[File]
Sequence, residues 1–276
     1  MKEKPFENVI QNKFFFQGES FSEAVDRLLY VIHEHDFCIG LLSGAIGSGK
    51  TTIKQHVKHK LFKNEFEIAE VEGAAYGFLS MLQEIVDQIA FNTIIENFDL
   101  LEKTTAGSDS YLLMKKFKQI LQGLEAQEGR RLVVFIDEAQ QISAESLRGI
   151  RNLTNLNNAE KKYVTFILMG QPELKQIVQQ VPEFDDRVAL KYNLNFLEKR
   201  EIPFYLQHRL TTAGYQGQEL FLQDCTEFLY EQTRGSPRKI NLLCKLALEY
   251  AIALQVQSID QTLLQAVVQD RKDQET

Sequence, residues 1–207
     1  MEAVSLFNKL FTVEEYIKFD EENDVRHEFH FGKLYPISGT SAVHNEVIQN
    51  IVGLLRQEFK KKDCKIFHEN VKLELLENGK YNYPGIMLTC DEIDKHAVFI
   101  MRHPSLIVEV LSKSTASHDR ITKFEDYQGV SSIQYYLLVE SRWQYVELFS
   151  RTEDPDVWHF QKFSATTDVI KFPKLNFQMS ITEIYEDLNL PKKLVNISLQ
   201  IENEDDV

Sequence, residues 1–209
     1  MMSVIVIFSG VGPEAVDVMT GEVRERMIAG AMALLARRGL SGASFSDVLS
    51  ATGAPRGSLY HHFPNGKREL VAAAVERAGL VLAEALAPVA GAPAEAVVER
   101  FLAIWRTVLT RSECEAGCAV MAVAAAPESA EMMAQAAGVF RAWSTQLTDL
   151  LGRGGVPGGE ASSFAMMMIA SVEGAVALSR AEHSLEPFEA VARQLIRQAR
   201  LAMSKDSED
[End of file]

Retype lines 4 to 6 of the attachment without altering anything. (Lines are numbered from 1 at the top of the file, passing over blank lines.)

   101  LEKTTAGSDS YLLMKKFKQI LQGLEAQEGR RLVVFIDEAQ QISAESLRGI
   151  RNLTNLNNAE KKYVTFILMG QPELKQIVQQ VPEFDDRVAL KYNLNFLEKR
   201  EIPFYLQHRL TTAGYQGQEL FLQDCTEFLY EQTRGSPRKI NLLCKLALEY